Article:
The pandemic has changed life in more than one way. The most dominant change relates to the way people perceive health and wellness today. Everyone wants to go the extra mile to achieve wellness, with virus safety being the top priority. From taking the relevant safety precautions to building immunity, no effort seems to be too big. At the same time, there is a lot of focus on mental well-being because stress and anxiety are rampant these days.
Not surprisingly, sexual health is also a bigger concern in the new normal. Social distancing is essential to keep the virus in control, and you can well understand how it can impact sexual well-being. While the disease is not an STD, close contact with a partner does increase its risk manifold. It makes sense to understand the additional risks to sexual health amid the pandemic and take measures to address them.
Safety during physical contact is essential
As the pandemic is still around, it is vital to understand the significance of safety during physical contact. The best piece of advice is to indulge only with a person sharing your living space, such as your spouse or live-in partner. They are the safest partners because you share the same environment. You will probably know if they are infected or at high risk. The biggest threat is that someone may be infected and asymptomatic, and this risk is minimal if you live with your partner. If you still want to get intimate with someone outside of your household, stick with only one person. It is even better to avoid direct physical contact with such a person and get intimate virtually. There are plenty of ways you can do it, from sexting to phone conversations. A little creativity goes a long way to minimize your risks.
Avoiding contact may be the best option
When it comes to sexual health during pandemic times, avoiding contact and intimacy is perhaps the best way to be healthy. It is best to steer clear of touching and kissing if your partner has symptoms. Keep distance even before they are tested because restraint can save you from the virus. Anyone with symptoms like cough, fever, and loss of taste or smell should self-isolate. It is also the best thing to do if one has no symptoms but has been in close contact with an infected person. Both partners are responsible for each other's health and should avoid seeing each other even if they suspect infection.
A proactive approach to sexual health is vital
Right now, sexual wellness is not just about avoiding contact and practicing precautions. It is also about taking a proactive approach and addressing the problems you already have. Any health issue can weaken your immunity and make you a soft target for the virus. STDs make you vulnerable, just like heart disease, diabetes, hypertension, or any other underlying condition. You must watch out for STD symptoms and get tested if you see the slightest signs. It enables early diagnosis and treatment, which can save you from a lot of trouble. A proactive approach to sexual wellness helps you bolster your immunity and stay safe from the coronavirus.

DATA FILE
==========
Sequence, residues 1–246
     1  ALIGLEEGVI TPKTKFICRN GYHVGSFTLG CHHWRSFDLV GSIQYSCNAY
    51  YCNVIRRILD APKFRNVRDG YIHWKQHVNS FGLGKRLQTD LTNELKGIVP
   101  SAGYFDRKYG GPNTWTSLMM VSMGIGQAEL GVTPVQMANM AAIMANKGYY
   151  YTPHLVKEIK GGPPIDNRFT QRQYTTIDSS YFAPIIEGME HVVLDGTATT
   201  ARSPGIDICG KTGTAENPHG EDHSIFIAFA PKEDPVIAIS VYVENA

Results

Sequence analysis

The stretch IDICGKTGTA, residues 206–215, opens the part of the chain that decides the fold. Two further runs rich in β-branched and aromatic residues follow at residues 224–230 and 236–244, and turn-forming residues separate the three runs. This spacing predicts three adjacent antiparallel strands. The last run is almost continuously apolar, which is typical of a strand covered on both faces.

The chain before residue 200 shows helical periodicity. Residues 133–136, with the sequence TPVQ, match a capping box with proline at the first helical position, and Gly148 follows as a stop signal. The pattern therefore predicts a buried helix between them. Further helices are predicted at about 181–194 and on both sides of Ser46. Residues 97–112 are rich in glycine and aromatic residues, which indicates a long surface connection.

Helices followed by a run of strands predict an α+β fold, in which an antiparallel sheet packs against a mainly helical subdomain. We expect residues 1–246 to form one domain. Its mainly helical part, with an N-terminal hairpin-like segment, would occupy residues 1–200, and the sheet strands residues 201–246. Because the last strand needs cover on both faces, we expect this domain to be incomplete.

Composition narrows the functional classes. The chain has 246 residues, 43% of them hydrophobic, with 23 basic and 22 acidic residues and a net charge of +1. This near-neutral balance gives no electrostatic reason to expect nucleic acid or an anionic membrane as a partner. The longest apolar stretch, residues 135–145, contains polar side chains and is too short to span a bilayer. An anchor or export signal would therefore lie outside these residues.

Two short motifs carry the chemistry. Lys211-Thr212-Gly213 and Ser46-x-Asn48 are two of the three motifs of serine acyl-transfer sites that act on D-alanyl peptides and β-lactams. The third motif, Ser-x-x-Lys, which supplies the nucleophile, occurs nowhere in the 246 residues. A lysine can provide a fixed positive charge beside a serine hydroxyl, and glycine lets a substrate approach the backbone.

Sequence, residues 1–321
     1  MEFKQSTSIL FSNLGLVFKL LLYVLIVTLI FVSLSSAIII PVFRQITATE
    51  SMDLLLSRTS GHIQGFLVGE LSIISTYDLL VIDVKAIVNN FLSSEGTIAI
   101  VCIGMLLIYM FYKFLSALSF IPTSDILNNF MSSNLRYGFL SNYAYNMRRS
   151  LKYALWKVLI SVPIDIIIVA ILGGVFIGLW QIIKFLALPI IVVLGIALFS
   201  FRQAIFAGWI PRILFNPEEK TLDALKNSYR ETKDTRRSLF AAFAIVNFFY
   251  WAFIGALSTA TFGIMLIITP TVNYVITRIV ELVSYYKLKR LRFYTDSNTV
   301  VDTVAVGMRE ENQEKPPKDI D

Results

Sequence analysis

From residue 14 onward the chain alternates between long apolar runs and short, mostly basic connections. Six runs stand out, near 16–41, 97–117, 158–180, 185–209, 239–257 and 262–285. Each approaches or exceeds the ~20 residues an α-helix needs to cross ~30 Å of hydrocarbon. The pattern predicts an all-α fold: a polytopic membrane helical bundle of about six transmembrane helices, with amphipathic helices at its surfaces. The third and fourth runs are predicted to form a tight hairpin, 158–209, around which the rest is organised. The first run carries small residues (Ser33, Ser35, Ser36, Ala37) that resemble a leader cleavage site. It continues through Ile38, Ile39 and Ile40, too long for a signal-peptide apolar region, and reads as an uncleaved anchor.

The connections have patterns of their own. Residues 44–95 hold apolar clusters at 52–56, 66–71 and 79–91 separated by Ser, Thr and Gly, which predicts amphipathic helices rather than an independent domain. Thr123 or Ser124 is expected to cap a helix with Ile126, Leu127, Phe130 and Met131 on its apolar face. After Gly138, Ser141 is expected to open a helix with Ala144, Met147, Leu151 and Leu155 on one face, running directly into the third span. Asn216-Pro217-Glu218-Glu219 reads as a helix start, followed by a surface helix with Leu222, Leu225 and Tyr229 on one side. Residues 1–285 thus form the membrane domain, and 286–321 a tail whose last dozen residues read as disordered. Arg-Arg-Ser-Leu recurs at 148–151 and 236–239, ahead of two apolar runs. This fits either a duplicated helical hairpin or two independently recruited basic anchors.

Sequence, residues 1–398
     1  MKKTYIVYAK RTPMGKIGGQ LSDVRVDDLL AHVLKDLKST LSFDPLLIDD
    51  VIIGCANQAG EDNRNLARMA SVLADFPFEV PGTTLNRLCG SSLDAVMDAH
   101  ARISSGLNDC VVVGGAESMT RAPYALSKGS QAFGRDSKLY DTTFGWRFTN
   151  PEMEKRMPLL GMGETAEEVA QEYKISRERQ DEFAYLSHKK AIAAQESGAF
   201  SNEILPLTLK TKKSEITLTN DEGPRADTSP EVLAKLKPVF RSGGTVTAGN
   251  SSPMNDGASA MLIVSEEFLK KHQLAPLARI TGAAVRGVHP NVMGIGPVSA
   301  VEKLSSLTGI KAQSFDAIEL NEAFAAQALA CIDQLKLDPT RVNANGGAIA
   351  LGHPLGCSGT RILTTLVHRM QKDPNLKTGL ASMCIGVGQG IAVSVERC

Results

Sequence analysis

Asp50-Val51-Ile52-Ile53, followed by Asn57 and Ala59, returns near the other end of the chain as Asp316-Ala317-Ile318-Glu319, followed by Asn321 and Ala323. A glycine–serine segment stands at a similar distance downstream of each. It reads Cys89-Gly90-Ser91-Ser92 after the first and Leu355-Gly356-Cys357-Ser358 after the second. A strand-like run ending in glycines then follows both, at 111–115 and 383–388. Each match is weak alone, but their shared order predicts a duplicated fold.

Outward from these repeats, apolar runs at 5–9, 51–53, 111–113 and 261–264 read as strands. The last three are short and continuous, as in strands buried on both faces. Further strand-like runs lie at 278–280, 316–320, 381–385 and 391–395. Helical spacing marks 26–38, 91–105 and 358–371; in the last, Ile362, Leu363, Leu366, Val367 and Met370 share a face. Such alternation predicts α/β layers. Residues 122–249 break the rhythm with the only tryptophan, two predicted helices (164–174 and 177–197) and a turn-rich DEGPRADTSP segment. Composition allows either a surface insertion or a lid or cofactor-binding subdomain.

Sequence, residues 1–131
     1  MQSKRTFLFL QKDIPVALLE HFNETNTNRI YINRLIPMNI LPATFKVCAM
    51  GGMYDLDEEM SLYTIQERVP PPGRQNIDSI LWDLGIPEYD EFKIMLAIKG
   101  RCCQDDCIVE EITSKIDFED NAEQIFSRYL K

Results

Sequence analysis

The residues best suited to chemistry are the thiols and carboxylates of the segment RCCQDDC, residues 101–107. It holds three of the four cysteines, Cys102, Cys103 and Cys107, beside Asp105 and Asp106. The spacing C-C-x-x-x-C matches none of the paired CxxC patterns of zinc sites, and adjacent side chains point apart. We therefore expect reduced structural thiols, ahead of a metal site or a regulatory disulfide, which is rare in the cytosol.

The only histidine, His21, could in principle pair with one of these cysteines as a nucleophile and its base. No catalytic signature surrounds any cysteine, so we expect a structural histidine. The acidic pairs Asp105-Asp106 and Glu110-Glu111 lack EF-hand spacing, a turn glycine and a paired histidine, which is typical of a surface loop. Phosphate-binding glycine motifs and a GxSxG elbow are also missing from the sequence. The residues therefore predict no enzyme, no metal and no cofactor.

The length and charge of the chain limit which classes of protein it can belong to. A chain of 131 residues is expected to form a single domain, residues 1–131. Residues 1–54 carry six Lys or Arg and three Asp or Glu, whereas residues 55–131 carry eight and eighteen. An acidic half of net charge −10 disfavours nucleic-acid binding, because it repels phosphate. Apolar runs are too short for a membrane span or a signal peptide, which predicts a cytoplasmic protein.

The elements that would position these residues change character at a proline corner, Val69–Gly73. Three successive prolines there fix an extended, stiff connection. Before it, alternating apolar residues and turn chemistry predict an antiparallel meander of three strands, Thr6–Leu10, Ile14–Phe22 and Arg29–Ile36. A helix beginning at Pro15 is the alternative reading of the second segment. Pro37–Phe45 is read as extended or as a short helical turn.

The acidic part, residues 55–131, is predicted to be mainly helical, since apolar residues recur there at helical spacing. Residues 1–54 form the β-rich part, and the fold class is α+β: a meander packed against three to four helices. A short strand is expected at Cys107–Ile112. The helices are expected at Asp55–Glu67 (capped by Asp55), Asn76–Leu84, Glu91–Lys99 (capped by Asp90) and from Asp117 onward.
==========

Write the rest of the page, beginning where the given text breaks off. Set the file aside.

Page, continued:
Don't undermine mental wellness
Mental wellness is crucial for sexual health, and most people fail to understand this fact. Stress, anxiety, and depression can affect your intimate relationships in more than one way. These issues are widely prevalent in the current times. Social distancing and isolation make the problem only worse. If you let mental issues persist, they may end up affecting your sexual health. You can expect myriad problems, from loss of libido to fear of contact and emotional intimacy issues. If you want to keep your sexual health in place, seek support for mental well-being. Having honest conversations with your partner is the best place to start. But you can seek counseling support if things do not seem to work out.
Taking precautions becomes more important than ever
Sexual health is closely related to staying safe from unplanned pregnancy and sexually transmitted diseases. You need to be a tad more careful because COVID-19 is another risk to deal with right now. Taking precautions becomes more crucial than ever because they cover you for at least the risks of unplanned pregnancy and STDs. It means you will have fewer concerns to handle. Consider using hormonal contraception to avoid unplanned pregnancy because it may not be the best time to be pregnant. Barrier methods reduce the risk of STDs significantly. If you are new to these methods, consult a specialist and seek guidance about how they work. Also, get a recommendation for the best one for you.
Focusing on emotional intimacy is the key
Physical intimacy is the cornerstone of a healthy relationship as it keeps you close to your partner. But it may not be the most important thing right now, more so if you do not live with your partner. The best approach is to focus on emotional intimacy in the relationship. It will keep your bonding strong even in the era of social distancing. Staying connected and reaffirming your feelings often can make a difference. Thankfully, there are plenty of ways to get intimate virtually. You can get creative with ideas like virtual dates and hookups to keep the fire burning. The wait is worthwhile because it can keep you and your partner safe from infection.
Your health matters the most, and you shouldn't ignore any aspect of it. Sexual wellness is as much a concern as physical, mental, and emotional well-being. Experts recommend using creative ways to stay in touch with your partner and keep the intimacy in place. At the same time, you must avoid contact with partners not sharing your space. Follow the usual precautions, and you need not worry much about contracting the virus or STDs due to unsafe physical contact. It is worth going the extra mile with your sexual wellness in the new normal. The phase will pass, but a little extra attention to safety can be life-saving.